Rapid communication

Applied Physics A

, Volume 84, Issue 1, pp 21-25

First online:

Stacked chalcogenide layers used as multi-state storage medium for phase change memory

  • Y.F. LaiAffiliated withNational Key Laboratory of Micro/Nano Fabrication Technology, Key Laboratory for Thin Film and Microfabrication of Ministry of Education, Shanghai Jiaotong University
  • , J. FengAffiliated withNational Key Laboratory of Micro/Nano Fabrication Technology, Key Laboratory for Thin Film and Microfabrication of Ministry of Education, Shanghai Jiaotong University Email author 
  • , B.W. QiaoAffiliated withNational Key Laboratory of Micro/Nano Fabrication Technology, Key Laboratory for Thin Film and Microfabrication of Ministry of Education, Shanghai Jiaotong University
  • , Y.F. CaiAffiliated withNational Key Laboratory of ASIC & System, Fudan University
  • , Y.Y. LinAffiliated withNational Key Laboratory of ASIC & System, Fudan University
  • , T.A. TangAffiliated withNational Key Laboratory of ASIC & System, Fudan University
  • , B.C. CaiAffiliated withNational Key Laboratory of Micro/Nano Fabrication Technology, Key Laboratory for Thin Film and Microfabrication of Ministry of Education, Shanghai Jiaotong University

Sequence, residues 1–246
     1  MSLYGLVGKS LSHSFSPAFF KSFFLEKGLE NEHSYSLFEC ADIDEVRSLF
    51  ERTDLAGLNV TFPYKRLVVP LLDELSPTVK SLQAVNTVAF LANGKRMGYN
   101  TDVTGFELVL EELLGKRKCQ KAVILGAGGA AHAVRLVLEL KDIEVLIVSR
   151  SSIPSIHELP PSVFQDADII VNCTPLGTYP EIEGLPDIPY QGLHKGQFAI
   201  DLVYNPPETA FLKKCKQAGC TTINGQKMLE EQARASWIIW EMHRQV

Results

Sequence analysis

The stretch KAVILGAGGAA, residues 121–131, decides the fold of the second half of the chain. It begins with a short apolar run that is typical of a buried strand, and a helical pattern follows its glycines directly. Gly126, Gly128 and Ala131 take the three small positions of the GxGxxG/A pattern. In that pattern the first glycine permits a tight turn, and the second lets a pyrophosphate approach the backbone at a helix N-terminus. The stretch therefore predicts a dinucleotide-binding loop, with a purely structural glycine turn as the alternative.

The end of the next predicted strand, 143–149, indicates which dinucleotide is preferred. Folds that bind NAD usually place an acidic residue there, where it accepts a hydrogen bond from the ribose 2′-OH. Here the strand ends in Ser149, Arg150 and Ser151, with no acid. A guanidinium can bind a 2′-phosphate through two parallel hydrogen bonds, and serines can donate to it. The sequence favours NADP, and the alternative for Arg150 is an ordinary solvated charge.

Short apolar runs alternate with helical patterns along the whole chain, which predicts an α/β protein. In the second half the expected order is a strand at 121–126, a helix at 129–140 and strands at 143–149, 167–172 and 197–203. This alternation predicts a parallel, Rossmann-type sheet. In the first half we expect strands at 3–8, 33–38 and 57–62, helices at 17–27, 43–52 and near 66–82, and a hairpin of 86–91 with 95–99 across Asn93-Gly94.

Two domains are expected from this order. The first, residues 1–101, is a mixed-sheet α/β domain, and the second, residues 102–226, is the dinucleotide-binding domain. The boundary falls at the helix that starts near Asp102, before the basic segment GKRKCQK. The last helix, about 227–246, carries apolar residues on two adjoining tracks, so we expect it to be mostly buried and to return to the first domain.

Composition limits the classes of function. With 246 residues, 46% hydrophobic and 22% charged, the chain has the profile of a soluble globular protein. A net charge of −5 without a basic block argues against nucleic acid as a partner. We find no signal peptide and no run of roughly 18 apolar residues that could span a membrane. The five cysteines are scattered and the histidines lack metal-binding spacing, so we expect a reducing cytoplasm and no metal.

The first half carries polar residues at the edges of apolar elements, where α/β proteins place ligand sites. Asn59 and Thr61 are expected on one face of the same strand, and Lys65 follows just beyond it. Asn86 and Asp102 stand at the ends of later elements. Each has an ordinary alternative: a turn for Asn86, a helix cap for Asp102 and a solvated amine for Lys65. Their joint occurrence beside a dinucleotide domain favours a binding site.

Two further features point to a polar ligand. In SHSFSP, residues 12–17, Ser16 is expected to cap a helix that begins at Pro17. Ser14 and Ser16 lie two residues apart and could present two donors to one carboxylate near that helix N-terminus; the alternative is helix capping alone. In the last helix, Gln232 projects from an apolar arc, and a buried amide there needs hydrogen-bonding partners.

• , B. ChenAffiliated withSilicon Storage Technology, Inc.

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Abstract

The multi-state storage capability of phase-change memory (PCM) was confirmed by using stacked chalcogenide layers as storage medium. The stacked films were prepared by stacking a pure Ge2Sb2Te5 (GST) layer, a tungsten layer and a silicon-doped GST layer. The electrical properties of the stacked films were also investigated. The results show that there are two negative differential resistance areas in the current-voltage (I–V) curve and three steps with three relatively stable resistance values in the resistance-voltage (R–V) curve, which indicate that the multi-state storage of PCM can be realized by using this stacked film structure. Qualitative analysis reveals that the multi-state storage capability of this stacked film structure is due to the successive crystallizations in a silicon-doped GST layer and a pure GST layer.